HM Revenue & Customs (HMRC) has been accused by MPs of ignoring the extent to which its own mistakes have led to the overpayment of tax credits.
About £2bn has been overpaid in each of the past two years
The Treasury Select Committee's report concluded that official error had been a cause of overpayment in a "significant number of cases".
The tax credit system should be re-designed to focus on the needs of the claimants, the report added.
It welcomed the fact that money is now paid to 19 million adults and children.
But it said there needed to be a culture change at HMRC if the tax credit system was to be improved.
The MPs concluded that things could not improve until the HMRC understood properly the reasons for overpayments.
"If HMRC is to succeed in improving the administration of the tax credits regime, the first thing it needs to understand is what is going wrong with its own processes, before it looks for problems elsewhere," the report said.
The MPs said that the assessment of tax credit claims depended on civil servants carrying out individual administrative functions or tasks, rather than trying to ensure that claimants got the right amount of money.
And their report said that official errors had contributed to many overpayments.
The MPs criticised the attitude of the Paymaster General Dawn Primarolo.
They said she appeared to have overlooked errors by her staff, or mistakes by their computer system, as some of the main sources of mistaken benefit awards, and had concentrated on blaming mistakes by claimants instead.
In recent times, Ms Primarolo has faced calls to resign over her handling of the tax credit system.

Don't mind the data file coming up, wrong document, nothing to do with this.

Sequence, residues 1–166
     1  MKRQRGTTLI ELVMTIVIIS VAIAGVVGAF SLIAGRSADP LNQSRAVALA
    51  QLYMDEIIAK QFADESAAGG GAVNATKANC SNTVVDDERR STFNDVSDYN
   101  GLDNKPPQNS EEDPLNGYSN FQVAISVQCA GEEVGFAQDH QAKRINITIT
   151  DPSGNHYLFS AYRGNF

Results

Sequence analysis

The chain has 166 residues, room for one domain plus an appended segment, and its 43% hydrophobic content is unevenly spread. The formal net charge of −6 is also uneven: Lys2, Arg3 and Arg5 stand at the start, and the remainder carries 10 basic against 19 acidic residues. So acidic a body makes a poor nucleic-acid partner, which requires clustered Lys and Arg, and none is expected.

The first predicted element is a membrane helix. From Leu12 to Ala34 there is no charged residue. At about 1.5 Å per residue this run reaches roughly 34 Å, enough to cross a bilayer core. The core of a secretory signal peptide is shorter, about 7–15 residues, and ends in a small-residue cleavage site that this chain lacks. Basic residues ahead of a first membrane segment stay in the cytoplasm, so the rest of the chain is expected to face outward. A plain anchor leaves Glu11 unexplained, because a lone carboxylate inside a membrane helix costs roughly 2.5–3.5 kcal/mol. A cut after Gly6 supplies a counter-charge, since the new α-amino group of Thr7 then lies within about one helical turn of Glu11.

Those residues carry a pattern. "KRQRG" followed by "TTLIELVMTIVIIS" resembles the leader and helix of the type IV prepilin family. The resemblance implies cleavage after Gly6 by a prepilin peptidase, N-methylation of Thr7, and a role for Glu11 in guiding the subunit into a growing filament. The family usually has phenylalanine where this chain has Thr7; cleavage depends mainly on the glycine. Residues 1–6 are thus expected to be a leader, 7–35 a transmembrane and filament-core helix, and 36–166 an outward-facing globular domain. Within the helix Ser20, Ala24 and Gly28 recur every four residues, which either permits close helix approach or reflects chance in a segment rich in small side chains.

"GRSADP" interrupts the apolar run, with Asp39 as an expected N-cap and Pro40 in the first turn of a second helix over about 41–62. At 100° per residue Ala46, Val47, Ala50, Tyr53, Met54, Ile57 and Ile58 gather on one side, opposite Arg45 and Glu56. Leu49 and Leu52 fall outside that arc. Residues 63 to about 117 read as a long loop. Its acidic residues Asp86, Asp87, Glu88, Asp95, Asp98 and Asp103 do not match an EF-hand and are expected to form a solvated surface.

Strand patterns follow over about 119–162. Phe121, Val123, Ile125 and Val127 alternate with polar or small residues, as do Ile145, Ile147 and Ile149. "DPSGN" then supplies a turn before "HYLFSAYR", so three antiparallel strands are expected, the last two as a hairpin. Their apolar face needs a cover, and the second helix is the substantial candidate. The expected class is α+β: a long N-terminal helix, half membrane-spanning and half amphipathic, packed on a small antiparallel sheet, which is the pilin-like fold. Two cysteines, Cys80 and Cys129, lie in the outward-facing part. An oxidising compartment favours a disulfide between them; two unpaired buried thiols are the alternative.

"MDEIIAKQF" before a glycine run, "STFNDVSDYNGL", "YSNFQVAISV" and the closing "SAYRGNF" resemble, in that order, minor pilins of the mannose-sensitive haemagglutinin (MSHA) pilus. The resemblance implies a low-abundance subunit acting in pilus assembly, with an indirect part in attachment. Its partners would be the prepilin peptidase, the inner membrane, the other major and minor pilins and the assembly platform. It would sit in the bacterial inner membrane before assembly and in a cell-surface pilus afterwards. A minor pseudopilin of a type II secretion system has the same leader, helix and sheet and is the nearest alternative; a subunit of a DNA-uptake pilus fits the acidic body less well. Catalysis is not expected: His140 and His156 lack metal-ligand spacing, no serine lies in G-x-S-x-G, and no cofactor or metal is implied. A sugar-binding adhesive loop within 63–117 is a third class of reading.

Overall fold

Since it was introduced in 2003 the system of tax credits has come in for regular and widespread criticism.
Dawn Primarolo has come in for further criticism over tax credits
The main problem has been the overpayment of about £2bn to two million claimants in each of its first two years of operation, which has then been followed by demands for the repayment of the money after it has been spent.
End-of-year adjustments to tax credits, the committee argued, came too late, so the demand for repayment of overpaid money was "keenly felt".
A key failing of tax credits, according to the MPs, is that they do not take into account the fact that the people who need the money most, those on low incomes, are also most likely to see big variations in their monthly incomes.
The MPs suggested making benefit awards over shorter periods of time.
Thus a system based on making an annual assessment of their entitlement to benefits is unlikely to do so accurately.
Research cited by the committee suggested that the incomes of one-third of families who were studied became more volatile after receiving tax credits than before.
Earlier, Stephen Timms, chief secretary to the Treasury, said that despite widespread overpayments the tax credit system had "improved".
"This is demonstrated by the improvements made to accuracy in processing and calculating awards, which rose from 78.6% in 2003-04 to 96.5% in 2004-05," Mr Timms said.
He added that recent reforms of the credit system would help cut the number of overpayments by a third.
From this financial year, claimants have to inform the HMRC only if their income rises by £25,000 in a year, not £2,500 as before.
But the MPs argued that this higher "disregard threshold" could mean a significant drop in benefit for some claimants in the following financial year, about which they should be warned.